In boxing, Saudi cash has brought major fights such as Oleksandr Usyk vs Anthony Joshua

In boxing, Saudi money has brought major fights resembling Oleksandr Usyk vs Anthony Joshua

And in the Premier League, Newcastle becoming a major force can be a positive for soccer

And within the Premier League, Newcastle becoming a significant force could be a positive for soccer 

LIV Golf is different - it is has even served to support disgraced former president Donald Trump

LIV Golf is different – it’s has even served to support disgraced former president Donald Trump

The club last won the league in 1927, a domestic cup in 1955 and their European prize, the 1968-69 Inter-Cities Fairs Cup, is not any longer recognized by UEFA. In simply sporting terms, it is tough to begrudge the club or its fans, the prospect of success; and a powerful Newcastle adds to the sporting spectacle for any football fan, even McIlroy.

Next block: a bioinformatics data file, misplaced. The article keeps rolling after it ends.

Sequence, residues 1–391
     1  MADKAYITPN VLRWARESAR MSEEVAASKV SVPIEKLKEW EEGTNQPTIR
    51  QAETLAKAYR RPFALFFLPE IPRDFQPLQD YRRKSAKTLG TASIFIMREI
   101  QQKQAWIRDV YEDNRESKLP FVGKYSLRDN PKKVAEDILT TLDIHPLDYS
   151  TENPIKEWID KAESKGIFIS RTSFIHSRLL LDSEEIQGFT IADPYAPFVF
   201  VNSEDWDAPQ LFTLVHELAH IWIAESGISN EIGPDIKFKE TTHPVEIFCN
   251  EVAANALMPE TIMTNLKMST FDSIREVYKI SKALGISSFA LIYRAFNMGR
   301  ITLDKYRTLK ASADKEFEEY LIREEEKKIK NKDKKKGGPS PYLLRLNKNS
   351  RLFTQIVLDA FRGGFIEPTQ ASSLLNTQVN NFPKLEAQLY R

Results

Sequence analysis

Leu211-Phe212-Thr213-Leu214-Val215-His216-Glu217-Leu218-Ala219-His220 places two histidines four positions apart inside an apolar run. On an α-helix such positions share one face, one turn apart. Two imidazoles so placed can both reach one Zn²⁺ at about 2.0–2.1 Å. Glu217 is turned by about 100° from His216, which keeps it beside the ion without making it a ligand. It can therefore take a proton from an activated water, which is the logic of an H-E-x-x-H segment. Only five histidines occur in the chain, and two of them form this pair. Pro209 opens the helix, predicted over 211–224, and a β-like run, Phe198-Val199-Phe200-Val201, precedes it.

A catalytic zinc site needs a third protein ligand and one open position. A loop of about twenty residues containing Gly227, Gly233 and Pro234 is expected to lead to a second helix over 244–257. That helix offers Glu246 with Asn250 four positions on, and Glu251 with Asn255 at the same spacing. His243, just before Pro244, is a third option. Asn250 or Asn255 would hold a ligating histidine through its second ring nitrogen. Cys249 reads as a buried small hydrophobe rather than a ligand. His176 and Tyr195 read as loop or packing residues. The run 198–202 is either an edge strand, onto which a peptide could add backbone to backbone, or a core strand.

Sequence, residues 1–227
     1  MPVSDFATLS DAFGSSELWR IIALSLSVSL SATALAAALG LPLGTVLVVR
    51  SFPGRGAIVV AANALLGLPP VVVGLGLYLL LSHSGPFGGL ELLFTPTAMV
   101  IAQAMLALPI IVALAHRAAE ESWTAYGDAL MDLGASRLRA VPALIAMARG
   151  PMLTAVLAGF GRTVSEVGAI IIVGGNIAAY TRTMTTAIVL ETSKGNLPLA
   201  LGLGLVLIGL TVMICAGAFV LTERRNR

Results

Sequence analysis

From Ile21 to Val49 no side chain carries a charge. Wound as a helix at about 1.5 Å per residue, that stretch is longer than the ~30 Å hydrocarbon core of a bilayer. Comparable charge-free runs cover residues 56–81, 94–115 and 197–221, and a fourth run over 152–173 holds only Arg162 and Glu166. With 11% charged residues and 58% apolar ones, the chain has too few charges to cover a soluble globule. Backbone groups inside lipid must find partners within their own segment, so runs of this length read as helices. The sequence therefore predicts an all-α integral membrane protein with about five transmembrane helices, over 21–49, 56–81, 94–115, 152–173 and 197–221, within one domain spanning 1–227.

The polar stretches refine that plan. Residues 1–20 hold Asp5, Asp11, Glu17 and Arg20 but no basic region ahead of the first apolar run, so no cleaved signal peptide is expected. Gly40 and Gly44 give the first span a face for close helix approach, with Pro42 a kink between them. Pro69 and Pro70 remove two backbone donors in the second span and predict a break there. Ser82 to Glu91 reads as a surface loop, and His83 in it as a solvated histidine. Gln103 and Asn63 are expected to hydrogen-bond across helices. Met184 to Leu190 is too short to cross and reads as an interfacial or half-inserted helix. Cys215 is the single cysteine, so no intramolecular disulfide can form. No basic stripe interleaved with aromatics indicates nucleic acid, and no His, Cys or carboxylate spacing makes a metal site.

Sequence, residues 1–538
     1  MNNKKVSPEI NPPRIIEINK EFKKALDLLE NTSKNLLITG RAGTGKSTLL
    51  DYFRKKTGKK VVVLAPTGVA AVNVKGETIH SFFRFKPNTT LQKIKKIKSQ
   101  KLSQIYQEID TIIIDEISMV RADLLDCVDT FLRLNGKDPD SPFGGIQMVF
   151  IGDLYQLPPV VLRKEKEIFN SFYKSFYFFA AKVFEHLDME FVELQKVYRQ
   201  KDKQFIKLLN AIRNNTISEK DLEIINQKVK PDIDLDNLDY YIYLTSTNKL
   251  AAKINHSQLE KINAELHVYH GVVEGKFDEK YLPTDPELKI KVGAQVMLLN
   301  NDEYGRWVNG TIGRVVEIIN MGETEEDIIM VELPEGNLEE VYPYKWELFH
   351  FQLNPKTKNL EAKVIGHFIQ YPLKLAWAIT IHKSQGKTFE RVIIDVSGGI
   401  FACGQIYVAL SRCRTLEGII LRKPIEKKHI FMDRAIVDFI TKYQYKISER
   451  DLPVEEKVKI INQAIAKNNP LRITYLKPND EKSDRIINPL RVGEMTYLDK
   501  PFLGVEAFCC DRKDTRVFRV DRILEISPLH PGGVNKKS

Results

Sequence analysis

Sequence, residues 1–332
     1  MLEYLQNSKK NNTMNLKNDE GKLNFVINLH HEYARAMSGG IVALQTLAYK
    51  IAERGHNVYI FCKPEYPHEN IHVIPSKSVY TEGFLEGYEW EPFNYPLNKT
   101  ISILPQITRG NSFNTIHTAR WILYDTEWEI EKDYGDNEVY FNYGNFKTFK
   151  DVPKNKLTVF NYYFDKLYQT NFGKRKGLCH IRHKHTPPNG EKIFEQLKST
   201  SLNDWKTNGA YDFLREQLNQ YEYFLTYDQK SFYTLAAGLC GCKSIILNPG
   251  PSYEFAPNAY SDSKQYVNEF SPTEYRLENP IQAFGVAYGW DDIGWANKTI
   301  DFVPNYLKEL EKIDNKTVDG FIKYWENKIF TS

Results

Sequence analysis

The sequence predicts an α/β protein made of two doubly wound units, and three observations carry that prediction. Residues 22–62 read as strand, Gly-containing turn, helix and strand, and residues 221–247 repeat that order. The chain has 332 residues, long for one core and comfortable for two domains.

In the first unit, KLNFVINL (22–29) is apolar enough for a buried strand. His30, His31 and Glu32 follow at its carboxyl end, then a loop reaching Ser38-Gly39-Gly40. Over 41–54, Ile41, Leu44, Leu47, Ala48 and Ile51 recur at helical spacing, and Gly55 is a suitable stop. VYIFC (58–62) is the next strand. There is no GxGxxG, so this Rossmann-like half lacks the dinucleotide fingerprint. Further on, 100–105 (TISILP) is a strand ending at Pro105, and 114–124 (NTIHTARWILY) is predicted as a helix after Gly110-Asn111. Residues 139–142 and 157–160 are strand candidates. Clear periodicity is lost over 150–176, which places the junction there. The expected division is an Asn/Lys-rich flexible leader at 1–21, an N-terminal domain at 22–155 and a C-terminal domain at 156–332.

Is that true of LIV Golf? Hardly. It has weakened the competition by splitting the fields, it has offered less golf, less jeopardy, even served to rally support for disgraced former president Donald Trump. It’s the epitome of low-cost and ugly in all however the purses, and when McIlroy says he hates what it has done to the game, many will recognize that aversion. 

Not least because a few of LIV Golf’s highest profile driving forces – Greg Norman, Phil Mickelson, Sergio Garcia – seem motivated by a resentment of an institution and a system that has made them insanely wealthy. Would McIlroy throw his Vegas tickets Westwood’s way now? That might truly seem the peak of hypocrisy if he did.

Cameron Smith, the Open champion, diverted to LIV Golf this week, but as one among the world’s biggest players it is just natural that he can be courted. The machinations to take Europe’s Ryder Cup captain Henrik Stenson were more indicative of a vindictive streak.